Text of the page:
[Cake] Using cake to shape 1000’s of users.

Jonathan Morton chromatix99 at gmail.com
Thu Jul 26 17:38:13 EDT 2018

> On 27 Jul, 2018, at 12:09 am, Toke Høiland-Jørgensen <toke at toke.dk> wrote:
>>>> I haven't had time to try Cake in this context yet but hope to get to
>>>> that in the next couple months. I believe this will require one Cake
>>>> instance per-subscriber like we do with FQ-CoDel today.
>>> Yup, currently it would. It might be possible to extend CAKE's
>>> architecture to not require this, though. If you are interested in
>>> pursuing this in the future, let us know; having someone actually
>>> using it would be quite useful if we were to pursue development of this :)
>> Yes, I'm very interested in this. A single QDisc would simplify things
>> quite a bit and hopefully be a perf win.
>> I'm happy to test this locally and with real subscribers once it is
>> stable enough.
> Cool. No promises as to when (or even if) I get around to looking at
> this; but will ping you when/if I do :)

Alternatively, I could look into it.  I have time, but funding would be nice.  Perhaps if several organisations have some commercial interest in the idea, they could pool some resources to keep my fridge stocked and a roof over my head?

It would also be valuable to have a firmer handle on the actual requirements in the field.  For example, if it is feasible to focus only on current Linux kernels, then a lot of backwards compatibility cruft can be excised when importing existing code from Cake.  If all users will have the same link-layer technology (with the same overhead parameters), then these can be set globally - or if not, they can be set per-tier.  Is the Diffserv support from Cake likely to be useful, and if so how flexible should the configuration be?  And are there only a few discrete settings for bandwidth per user, or do we have to be more flexible to handle a BRAS environment?  Is it also necessary to account per-user traffic accurately, or will an external tool be used for that?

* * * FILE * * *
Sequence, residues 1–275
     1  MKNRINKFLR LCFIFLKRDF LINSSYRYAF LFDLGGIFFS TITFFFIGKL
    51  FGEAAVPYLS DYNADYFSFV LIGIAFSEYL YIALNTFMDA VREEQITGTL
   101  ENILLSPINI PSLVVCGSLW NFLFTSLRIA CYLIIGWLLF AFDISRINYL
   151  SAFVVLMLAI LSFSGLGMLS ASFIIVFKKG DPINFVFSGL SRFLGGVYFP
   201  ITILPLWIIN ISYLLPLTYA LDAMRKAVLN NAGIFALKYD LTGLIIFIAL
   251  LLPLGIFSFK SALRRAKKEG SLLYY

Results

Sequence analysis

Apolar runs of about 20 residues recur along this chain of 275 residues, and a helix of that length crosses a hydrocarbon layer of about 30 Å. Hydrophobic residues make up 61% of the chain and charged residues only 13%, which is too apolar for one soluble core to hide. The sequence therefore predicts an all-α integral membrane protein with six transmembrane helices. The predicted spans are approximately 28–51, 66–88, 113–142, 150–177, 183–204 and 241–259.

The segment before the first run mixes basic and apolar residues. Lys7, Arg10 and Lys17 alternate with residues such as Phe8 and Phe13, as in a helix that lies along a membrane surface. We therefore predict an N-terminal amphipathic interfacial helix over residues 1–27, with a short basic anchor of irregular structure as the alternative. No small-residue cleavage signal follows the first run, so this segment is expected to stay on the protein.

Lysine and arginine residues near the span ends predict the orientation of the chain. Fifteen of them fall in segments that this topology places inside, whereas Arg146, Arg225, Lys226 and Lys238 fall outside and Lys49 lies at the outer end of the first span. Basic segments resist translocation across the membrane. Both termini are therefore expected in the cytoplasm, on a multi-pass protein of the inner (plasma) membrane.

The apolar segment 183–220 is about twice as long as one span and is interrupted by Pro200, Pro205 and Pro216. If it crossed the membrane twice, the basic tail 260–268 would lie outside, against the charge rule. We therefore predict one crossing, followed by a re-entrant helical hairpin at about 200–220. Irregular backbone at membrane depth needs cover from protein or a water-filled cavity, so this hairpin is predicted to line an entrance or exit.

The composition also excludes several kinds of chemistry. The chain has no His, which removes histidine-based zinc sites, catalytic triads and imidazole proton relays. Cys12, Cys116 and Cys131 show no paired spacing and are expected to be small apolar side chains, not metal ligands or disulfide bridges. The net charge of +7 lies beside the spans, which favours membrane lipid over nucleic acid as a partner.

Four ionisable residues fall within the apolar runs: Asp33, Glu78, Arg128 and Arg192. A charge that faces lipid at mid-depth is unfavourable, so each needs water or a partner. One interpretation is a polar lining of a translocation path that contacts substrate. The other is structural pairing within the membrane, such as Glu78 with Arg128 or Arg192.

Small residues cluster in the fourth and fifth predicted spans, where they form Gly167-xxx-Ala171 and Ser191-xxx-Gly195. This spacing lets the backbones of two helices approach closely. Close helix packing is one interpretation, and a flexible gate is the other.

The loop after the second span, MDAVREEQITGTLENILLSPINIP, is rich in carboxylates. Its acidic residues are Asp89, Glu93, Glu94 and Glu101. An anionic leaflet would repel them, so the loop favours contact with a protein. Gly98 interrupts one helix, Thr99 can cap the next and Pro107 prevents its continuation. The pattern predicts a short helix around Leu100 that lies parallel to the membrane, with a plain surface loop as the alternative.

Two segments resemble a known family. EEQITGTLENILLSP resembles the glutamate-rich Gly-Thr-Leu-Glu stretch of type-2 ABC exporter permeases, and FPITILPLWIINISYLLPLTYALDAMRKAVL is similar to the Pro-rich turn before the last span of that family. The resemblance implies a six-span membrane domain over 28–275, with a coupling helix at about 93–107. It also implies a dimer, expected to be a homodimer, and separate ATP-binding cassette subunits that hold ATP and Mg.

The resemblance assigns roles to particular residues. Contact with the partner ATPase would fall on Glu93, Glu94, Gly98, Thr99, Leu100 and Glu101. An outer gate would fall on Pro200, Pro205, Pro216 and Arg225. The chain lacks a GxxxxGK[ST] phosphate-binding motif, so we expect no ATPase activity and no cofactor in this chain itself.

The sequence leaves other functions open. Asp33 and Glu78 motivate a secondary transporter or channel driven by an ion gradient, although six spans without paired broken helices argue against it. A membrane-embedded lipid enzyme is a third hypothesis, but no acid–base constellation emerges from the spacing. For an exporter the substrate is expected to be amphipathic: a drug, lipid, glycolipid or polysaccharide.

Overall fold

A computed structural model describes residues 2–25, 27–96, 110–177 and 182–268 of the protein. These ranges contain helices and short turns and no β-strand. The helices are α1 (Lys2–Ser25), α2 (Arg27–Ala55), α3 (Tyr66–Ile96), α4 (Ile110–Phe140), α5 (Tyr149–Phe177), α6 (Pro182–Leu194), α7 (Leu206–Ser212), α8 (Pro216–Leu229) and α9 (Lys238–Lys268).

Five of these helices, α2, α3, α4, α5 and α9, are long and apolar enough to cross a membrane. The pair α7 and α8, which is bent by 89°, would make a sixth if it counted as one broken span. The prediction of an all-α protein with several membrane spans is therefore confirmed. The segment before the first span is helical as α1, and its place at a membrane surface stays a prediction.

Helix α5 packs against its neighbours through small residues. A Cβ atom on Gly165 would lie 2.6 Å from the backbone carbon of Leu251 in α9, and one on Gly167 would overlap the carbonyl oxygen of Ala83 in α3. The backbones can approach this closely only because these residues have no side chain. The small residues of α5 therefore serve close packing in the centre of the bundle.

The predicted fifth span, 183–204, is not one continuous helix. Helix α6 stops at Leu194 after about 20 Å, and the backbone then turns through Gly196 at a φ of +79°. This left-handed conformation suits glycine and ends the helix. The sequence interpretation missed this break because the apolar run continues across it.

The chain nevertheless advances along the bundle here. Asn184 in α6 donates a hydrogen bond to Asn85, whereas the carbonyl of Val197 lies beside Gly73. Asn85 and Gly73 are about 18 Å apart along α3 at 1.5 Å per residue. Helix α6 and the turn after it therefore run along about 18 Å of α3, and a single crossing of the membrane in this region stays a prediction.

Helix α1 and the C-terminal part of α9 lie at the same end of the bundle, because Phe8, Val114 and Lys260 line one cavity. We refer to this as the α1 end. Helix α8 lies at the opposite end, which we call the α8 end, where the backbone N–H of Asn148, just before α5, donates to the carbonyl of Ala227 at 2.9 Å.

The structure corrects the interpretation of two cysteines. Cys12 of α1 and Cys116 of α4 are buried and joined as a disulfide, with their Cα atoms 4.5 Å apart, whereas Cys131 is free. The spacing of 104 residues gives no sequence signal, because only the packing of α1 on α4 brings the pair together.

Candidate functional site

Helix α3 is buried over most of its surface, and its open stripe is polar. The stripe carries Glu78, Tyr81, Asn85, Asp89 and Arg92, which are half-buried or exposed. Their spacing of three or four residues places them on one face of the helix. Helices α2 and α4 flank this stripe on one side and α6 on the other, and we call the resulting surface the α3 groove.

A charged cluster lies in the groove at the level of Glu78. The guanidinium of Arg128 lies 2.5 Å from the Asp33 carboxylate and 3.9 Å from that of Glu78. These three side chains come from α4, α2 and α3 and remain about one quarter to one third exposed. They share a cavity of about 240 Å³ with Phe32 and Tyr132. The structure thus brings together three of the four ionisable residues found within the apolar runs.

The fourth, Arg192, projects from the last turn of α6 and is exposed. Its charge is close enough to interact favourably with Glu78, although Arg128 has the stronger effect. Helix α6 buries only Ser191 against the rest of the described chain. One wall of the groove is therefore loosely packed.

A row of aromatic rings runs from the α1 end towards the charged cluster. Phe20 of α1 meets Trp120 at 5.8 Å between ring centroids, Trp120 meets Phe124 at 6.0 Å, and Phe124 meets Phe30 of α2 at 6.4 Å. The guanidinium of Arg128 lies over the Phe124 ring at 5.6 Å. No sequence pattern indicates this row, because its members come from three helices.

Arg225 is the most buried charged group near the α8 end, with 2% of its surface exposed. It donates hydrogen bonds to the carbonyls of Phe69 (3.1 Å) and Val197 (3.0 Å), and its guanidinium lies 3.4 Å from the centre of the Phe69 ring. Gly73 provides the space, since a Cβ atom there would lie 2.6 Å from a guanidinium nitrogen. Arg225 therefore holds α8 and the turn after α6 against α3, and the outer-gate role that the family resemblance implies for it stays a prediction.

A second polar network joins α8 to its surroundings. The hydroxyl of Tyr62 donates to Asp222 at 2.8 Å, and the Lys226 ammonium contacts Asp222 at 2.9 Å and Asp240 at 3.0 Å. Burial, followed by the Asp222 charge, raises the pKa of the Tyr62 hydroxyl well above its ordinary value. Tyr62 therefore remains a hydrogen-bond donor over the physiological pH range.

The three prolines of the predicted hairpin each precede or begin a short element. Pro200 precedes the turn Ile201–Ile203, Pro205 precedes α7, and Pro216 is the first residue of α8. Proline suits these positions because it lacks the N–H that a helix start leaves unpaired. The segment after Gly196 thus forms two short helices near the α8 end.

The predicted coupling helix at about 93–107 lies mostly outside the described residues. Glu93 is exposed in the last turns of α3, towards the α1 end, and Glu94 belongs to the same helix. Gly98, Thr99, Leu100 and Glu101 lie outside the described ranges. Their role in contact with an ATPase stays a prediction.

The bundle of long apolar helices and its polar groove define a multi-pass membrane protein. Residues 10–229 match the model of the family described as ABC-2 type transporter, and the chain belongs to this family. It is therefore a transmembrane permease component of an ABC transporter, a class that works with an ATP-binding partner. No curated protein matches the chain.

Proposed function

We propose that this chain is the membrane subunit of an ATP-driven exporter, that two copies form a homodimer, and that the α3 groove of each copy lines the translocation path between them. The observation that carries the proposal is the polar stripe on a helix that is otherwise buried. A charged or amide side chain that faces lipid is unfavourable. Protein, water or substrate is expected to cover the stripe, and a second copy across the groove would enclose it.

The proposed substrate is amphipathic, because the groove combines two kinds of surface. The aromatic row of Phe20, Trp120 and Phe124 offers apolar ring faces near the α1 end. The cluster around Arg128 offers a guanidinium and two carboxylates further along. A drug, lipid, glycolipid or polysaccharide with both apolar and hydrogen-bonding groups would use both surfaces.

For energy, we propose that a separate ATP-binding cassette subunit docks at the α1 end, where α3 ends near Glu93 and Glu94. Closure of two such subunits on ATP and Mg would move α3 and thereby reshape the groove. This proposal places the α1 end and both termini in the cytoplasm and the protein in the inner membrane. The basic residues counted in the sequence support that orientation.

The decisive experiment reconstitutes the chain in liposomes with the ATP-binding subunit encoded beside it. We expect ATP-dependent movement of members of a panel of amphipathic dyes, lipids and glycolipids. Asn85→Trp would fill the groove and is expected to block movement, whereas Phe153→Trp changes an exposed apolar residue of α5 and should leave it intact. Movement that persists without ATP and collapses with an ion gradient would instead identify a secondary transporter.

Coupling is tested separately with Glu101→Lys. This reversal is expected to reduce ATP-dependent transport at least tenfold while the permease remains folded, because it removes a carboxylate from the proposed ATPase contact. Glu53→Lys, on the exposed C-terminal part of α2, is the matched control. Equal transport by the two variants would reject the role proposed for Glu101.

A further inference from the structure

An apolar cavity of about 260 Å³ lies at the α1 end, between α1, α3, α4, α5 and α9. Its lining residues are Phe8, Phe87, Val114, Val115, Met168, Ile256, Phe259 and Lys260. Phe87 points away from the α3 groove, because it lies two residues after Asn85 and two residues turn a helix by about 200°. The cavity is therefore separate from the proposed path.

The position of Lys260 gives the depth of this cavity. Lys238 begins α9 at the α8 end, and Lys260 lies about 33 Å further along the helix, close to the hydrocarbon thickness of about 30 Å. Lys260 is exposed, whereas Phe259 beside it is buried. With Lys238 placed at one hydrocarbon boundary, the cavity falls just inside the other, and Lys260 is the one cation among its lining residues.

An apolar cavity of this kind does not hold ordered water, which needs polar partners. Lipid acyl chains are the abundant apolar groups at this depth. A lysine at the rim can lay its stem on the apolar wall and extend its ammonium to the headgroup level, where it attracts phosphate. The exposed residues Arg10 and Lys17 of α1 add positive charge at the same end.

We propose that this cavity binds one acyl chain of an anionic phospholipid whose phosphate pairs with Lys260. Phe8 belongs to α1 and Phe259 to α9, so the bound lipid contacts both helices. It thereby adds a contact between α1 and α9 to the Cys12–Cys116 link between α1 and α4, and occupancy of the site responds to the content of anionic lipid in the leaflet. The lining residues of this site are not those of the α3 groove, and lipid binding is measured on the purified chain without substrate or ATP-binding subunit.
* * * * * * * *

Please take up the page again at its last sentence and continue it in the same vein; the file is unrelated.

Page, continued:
Many other low-level considerations can be adjusted on the fly during the conversion, so they are not in themselves a problem.  In this category are questions like "how many simultaneous users and flows can be supported".  There are ways to design the code so that it scales up much more nicely in these dimensions than Cake does, at the expense of a few extra CPU cycles per packet.

 - Jonathan Morton

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